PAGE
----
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Toyota says it will launch 10 new battery-powered electric cars by 2026




TOKYO, April 7 (Reuters) – Toyota Motor Corp ( 7203.T ) will introduce 10 new battery-powered models and target sales of 1.5 million electric cars a year by 2026, aiming for steep growth in a market where it has long followed by rivals.

The world̵[ads1]7;s biggest carmaker by sales will also set up a new, specialized unit to focus on next-generation battery electric cars, senior executives said at a briefing on Friday as they outlined plans under the new management team.

Toyota, including luxury brand Lexus, currently has only three battery models on the market and last year sold fewer than 25,000 of these worldwide.

Investors and environmental groups have criticized Toyota for being slow to embrace battery-powered cars, noting that it has lost ground to Tesla Inc ( TSLA.O ) and others that have better captured fast-growing demand.

The Japanese automaker has countered that electric cars are just one option for customers, and that gasoline-electric hybrids like the groundbreaking Prius are a more realistic choice for some markets and drivers.

“Over the next few years, we will expand our range in the important battery-electric category,” CEO Koji Sato told the briefing – his first in the top job – but added that hybrids will remain an important pillar.

Electric vehicles are now expected to represent more than half of total worldwide vehicle production by 2030.

Meeting this demand will be crucial for Toyota, which also said it would increase production in the US – where growth in electric cars is outpacing growth in the overall market.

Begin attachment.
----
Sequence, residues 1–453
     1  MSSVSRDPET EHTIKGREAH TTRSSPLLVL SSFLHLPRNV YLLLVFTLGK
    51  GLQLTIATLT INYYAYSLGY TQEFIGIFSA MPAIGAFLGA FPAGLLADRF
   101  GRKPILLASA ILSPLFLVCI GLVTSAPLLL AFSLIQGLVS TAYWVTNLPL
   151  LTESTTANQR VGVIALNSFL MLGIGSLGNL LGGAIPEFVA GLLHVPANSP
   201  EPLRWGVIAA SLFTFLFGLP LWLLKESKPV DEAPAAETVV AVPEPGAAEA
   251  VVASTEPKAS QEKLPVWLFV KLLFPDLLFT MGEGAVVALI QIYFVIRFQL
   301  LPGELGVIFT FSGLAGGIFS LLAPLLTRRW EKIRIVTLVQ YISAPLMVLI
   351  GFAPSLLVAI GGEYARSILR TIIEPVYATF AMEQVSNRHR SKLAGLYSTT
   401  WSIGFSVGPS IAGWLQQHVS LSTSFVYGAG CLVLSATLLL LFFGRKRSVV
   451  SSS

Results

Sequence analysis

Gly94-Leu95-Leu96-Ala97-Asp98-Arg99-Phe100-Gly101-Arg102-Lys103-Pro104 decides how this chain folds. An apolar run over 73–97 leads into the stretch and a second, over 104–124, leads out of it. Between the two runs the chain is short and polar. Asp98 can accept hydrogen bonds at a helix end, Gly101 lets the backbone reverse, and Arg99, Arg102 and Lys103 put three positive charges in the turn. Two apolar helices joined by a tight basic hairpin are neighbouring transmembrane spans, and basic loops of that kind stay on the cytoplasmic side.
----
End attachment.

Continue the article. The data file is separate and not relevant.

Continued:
Toyota reported that its US sales fell by almost 9% during the first quarter. By contrast, General Motors Co ( GM.N ) saw an 18% increase, helped by greater demand for electric cars from fleet and commercial customers.

U.S. consumers switching to electric vehicles are largely doing so from Toyota and Honda Motor Co ( 7267.T ), data from S&P Global Mobility showed in November.

“Now that it’s time to take the next big innovative leap, Toyota is falling behind, and more and more people in the United States are starting to understand that,” said East Peterson-Trujillo, a clean vehicle advocate with the nonprofit Public Citizen. in an interview ahead of the briefing.

Reporting by Daniel Leussink and Maki Shiraki; Editing by David Dolan and Edwina Gibbs

Our standards: Thomson Reuters Trust Principles.

Daniel Leussink

Thomson Reuters

Daniel Leussink is a correspondent in Japan. Most recently, he has covered Japan’s auto industry, writing about how some of the world’s largest automakers are navigating a transition to electric vehicles and unprecedented supply chain disruptions. Since joining Reuters in 2018, Leussink has also covered Japan’s economy, the 2020 Tokyo Olympics, COVID-19 and the Bank of Japan’s ultra-easy monetary policy experiment. Contact: +81 80 4637 8526



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